Patients are being "lost in the gaps" now, the minister says
A plan for the wholesale reorganisation of the NHS in Wales has been announced by Health Minister Edwina Hart.
All of the NHS trusts in Wales and the 22 local health boards (LHBs) would be scrapped under the proposals.
Instead there would be around seven health organisations taking over all their responsibilities.
Ms Hart says she will work on the plan over the summer recess. The Conservatives claimed the move was a victory for their values.
The health minister first suggested a wide scale reorganisation of the Welsh NHS structure last October when she said some patients were getting "lost in the gaps" because there were too many local health boards.
The assembly government said at the time it was committed to simplifying bureaucracy and the One Wales agreement commits it to getting rid of the NHS internal market by 2011.
In April a 12-week consultation on proposals to change the structure of the NHS began.
Now Ms Hart has outlined plans to streamline the work currently shared by Wales' 20 or so health trusts and the local health boards into seven health organisations.
She said the Welsh Ambulance Service and the Velindre NHS Trust would remain as additional organisations within the proposed structure.
The minister said she will also give thought over the summer recess to the idea of an All Wales National Health Board, as well as a possible role for 22 community health councils.
Edwina Hart is to give her final proposals in the autumn
Ms Hart told assembly members that the consultation on reorganisation had been a tremendous success, with a "huge and positive response".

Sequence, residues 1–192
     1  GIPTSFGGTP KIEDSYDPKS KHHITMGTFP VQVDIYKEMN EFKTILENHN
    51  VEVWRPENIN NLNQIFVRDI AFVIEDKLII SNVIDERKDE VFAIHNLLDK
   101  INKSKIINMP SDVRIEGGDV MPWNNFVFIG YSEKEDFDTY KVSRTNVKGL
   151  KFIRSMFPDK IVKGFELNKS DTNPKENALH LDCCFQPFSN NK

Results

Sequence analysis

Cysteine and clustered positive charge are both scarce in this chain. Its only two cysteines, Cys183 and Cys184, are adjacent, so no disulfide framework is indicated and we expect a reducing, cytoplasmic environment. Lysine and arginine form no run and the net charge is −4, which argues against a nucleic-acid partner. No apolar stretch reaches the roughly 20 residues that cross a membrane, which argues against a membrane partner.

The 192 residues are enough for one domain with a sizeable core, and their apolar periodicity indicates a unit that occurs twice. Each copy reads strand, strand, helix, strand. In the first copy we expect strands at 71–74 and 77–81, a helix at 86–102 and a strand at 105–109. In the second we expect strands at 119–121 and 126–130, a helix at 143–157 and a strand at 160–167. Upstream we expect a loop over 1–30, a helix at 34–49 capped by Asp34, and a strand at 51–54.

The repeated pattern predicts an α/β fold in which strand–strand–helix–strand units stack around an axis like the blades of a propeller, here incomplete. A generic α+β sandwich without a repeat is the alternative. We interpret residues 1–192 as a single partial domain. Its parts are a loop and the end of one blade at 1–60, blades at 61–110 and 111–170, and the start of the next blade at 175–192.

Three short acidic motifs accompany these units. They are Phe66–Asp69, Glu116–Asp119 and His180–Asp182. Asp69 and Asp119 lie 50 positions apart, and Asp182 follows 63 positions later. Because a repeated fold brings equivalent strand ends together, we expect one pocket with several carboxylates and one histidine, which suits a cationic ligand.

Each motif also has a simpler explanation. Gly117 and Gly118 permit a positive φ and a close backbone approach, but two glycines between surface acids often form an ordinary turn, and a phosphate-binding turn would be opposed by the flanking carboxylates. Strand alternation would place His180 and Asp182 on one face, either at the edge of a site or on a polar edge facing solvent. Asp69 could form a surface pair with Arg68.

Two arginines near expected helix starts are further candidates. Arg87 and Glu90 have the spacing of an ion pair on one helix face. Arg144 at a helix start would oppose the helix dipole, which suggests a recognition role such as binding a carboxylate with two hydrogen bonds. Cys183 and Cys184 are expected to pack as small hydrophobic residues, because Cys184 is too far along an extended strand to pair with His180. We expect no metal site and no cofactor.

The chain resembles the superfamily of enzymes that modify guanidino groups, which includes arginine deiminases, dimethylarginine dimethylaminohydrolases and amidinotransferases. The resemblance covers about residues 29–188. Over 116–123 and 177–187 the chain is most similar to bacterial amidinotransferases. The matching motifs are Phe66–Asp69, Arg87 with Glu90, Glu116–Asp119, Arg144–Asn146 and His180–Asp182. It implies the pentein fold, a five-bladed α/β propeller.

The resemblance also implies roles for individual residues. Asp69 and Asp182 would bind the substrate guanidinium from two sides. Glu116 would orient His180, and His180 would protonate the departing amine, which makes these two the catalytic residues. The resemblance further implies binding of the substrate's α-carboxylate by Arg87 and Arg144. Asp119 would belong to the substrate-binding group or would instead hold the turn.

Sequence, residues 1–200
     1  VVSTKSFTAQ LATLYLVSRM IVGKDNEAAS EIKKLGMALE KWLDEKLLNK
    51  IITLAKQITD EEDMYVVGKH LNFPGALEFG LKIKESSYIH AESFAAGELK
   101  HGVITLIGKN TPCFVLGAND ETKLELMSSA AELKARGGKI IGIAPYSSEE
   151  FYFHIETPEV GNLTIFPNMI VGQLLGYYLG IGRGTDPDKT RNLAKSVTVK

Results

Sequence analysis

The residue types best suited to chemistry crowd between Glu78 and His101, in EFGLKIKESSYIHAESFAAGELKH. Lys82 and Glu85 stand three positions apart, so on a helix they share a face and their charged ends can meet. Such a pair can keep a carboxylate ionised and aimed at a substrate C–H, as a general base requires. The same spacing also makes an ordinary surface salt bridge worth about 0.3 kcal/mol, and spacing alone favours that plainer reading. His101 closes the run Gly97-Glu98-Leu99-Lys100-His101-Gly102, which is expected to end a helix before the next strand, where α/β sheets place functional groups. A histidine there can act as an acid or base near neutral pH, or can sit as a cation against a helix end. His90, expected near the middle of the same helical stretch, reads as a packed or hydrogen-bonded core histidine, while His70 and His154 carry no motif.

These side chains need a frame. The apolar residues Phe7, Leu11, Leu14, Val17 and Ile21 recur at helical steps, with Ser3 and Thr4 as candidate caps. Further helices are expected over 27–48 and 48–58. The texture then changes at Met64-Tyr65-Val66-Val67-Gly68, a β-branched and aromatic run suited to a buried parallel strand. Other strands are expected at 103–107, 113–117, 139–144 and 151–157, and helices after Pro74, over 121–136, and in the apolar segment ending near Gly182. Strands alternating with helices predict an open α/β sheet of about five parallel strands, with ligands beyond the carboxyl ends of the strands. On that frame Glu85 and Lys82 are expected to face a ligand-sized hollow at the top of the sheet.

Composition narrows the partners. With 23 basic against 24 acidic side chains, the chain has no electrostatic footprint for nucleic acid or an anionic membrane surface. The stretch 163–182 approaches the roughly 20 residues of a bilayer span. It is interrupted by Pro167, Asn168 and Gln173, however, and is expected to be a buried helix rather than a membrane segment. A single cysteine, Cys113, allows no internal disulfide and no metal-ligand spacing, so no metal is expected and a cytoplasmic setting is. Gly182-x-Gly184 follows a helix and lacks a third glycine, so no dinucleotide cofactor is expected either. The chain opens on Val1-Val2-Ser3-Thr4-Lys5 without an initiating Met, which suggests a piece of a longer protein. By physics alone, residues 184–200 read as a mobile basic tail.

She said: "Those views will be of the greatest assistance in informing my final proposals on which I shall consult in the autumn."
In response, the Welsh Conservatives shadow Health Minister Jonathan Morgan said the proposals were a vindication of the argument that the last health reorganisation introduced by Ms Hart's predecessor, Jane Hutt had been a complete failure.
'Stability and direction'
Mr Morgan added: "Today's announcement vindicates the position Welsh Conservatives tool back in 2003 - that the creation of 22 LHBs was unnecessary, bureaucratic and expensive."
"It is vital now that the NHS has a period of stability and direction, not interference and change."
Welsh Liberal Democrat health spokesperson Jenny Randerson said: "It has become very clear over the last couple of years that the system was unsustainable and resources and skills were too stretched across 22 separate bodies.
"I very much hope that the minister's proposals that she will draw up, will find a way of ensuring that there is a local voice in the health service and the facilitation of collaboration between health and social care as they shared common boundaries."
Plaid Cymru health spokesperson Helen Mary Jones welcomed the proposed changes to the NHS structure.
She said the move would mean less money is spent on bureaucracy and more is spent on patient care.